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Northern Hemisphere

Northern Hemisphere

Ian Morison tells us what we can see in the northern hemisphere night sky during January 2015.

Orion is high in the south, pointing to other nearby constellations. Below Orion's famous Belt is his Sword, in the middle of which is the hazy glow of the Orion Nebula. This is an HII region in which stars are being born, and it is lit by the four stars of the Trapezium at its heart. Following Orion's Belt down to the left, you come to the brightest night-time star, Sirius. Following the Belt in the other direction brings you to the constellation of Taurus the Bull. The Hyades Cluster forms its head, while the red star Aldebaran represents its eye. A little further over is the Pleiades Cluster. Up to Orion's left is Gemini, the Twins, with the bright stars Castor and Pollux. Near the zenith is the yellow star Capella, in Auriga. The Milky Way runs through Auriga, giving it a number of open star clusters that can be seen with binoculars. Perseus and Cassiopeia lie north-west from here, along the Milky Way, with the Perseus Double Cluster between them. Leo the Lion rises in the east late in the evening, hosting the planet Jupiter at present.

The Planets

  • Jupiter, at magnitude -2.4, rises around 20:00 UT (Universal Time) at the beginning of January and is located 8.5 degrees up and right of the star Regulus in Leo. It is moving retrograde (westward) towards Cancer, which it will reach next month, and by the end of January it rises at 17:45 and shines at magnitude -2.6. It then reaches a maximum elevation of 56 degrees when due south around 01:00. Jupiter's apparent size grows from 43.4 to 45.3" during the month, and its equatorial bands and Great Red Spot are visible to a telescope, while observing its four largest moons requires only binoculars.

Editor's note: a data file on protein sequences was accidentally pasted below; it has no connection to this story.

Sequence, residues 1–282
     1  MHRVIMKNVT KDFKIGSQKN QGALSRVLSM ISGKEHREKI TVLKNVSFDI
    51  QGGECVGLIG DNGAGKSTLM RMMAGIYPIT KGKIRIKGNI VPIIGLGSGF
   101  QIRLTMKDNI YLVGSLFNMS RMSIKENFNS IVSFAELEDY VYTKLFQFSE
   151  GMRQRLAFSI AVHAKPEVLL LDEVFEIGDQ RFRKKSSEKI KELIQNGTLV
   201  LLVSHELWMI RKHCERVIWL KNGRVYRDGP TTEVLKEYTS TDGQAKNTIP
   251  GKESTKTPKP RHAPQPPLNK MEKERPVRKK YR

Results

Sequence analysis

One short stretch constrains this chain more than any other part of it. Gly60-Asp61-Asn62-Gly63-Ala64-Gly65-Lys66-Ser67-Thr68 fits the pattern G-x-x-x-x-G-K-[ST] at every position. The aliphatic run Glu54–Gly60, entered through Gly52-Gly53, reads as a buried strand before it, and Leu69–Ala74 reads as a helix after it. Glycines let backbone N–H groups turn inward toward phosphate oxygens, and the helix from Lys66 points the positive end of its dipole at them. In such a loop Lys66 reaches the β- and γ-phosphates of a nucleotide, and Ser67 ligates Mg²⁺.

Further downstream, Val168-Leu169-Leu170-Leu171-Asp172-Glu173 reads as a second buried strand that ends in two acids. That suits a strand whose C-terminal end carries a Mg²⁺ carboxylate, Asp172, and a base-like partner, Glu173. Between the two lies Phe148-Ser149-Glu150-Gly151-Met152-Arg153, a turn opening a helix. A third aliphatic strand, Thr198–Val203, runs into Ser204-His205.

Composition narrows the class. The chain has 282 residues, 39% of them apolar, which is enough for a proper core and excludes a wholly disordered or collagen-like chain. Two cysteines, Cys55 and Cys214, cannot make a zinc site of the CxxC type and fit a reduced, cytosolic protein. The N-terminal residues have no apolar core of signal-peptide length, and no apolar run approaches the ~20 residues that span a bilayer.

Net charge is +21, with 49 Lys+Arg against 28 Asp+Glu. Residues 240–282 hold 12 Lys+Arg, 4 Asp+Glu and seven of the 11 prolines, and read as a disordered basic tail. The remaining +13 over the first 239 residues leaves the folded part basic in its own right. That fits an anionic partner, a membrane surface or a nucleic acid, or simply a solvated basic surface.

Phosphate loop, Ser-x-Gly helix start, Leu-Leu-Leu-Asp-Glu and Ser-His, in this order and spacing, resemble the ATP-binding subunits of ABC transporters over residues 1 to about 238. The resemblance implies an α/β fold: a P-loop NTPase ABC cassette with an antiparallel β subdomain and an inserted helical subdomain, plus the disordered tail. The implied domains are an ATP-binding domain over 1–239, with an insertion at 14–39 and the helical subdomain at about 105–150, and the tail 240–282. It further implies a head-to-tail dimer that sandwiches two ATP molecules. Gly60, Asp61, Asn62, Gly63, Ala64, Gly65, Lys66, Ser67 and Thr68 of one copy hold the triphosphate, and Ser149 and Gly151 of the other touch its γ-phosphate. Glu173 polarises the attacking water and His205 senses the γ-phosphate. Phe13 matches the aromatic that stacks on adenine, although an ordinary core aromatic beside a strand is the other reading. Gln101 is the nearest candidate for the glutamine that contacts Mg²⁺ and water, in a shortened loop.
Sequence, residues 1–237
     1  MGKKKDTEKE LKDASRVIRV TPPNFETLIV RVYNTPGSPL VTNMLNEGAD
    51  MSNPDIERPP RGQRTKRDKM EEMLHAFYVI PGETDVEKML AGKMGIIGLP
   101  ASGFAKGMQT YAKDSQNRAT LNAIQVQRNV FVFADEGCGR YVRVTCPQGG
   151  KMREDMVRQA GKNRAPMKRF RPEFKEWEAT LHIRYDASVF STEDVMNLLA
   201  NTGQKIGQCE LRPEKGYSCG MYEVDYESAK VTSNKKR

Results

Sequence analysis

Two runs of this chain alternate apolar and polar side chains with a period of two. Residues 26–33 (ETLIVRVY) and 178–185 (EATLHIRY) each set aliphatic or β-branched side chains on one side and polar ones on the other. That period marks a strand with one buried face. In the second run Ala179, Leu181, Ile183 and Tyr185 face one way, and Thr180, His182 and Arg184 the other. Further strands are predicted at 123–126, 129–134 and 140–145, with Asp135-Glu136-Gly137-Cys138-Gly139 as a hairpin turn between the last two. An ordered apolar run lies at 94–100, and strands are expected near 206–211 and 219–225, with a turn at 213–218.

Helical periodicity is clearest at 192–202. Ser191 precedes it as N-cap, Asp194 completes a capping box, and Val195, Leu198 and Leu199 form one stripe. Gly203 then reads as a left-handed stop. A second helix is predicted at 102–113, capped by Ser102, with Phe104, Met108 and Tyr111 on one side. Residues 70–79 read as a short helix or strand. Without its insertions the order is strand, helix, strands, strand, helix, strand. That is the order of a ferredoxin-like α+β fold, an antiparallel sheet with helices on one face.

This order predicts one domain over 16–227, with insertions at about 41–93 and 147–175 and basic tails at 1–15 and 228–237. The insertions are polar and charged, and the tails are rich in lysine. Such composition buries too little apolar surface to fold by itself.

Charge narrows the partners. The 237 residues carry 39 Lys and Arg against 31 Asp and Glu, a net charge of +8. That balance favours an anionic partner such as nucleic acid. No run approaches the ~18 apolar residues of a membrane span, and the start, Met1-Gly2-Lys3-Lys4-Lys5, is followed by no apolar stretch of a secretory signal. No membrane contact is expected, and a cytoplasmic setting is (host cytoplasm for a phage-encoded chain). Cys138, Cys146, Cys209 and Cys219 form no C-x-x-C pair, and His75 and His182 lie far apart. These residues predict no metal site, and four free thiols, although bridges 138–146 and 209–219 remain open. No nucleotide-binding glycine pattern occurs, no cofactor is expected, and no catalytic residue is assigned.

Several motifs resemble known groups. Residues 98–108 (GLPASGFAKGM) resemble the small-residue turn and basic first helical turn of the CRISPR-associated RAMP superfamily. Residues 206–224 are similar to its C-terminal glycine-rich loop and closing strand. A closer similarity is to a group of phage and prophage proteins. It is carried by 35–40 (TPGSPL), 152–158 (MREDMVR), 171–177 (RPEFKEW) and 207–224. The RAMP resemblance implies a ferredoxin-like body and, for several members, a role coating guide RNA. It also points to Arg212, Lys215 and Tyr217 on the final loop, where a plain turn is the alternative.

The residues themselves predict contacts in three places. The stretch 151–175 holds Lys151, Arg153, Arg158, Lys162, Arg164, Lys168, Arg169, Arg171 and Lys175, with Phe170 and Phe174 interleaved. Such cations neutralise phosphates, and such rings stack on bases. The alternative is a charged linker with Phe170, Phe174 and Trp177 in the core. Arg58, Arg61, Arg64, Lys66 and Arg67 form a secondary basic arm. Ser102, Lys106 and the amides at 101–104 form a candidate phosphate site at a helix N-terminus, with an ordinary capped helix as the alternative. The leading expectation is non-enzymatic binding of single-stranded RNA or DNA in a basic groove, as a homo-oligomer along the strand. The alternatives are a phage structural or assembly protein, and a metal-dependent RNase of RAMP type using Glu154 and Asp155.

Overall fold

• Saturn rises at about 05:00 UT at the start of the month and 03:30 by its end. It moves from Libra into Scorpius on the 4th, moving above the star Antares and the head of Scorpius. It grows from 15.5 to 16.1" during January, ending the month at magnitude +0.6 and high enough in the south-east before dawn to allow a telescope to make out its rings, which are now 24 degrees to our line of sight.
  • Mercury is low in the south-west before dawn on New Year's Day, 3 degrees down to the right of Venus and shining at magnitude -0.8. Mercury and Venus then stay within 1 degree of each other from the 8th to the 12th. Mercury's gibbous disc is 6.5" across, and it reaches greatest eastern elongation east (its furthest from the Sun in the sky, on this occasion 19 degrees away) on the 14th. Over the following week, it wanes in phase and drops to the lower right of Venus, disappearing from view as it moves between the Earth and Sun (inferior conjunction) on the 30th.
  • Mars starts the month in Capricornus and moves into Aquarius on the 8th. It dims slightly from magnitude +1.1 to +1.2 during January, while its disc shrinks from 4.8 to 4.4". It is best observed as darkness falls, low above the south-western horizon, but its small size and low elevation prevent surface details from being seen. Mars lies 24 degrees up and left of Venus as the year opens, and sets around 3 hours after the Sun all month as it progresses eastwards relative to the stars.
  • Venus shines at magnitude -3.9 and, as the month begins, sets in the south-west just over an hour after the Sun. Its angular size increases from 10.3 to 10.8" during January; Earth's atmosphere blurs its disc, but may also split its colours to produce a spectrum that can be seen with a telescope.
  • Highlights

    Southern Hemisphere

    Claire Bretherton from the Cearter Observatory in New Zealand speaks about the southern hemisphere night sky during January 2015.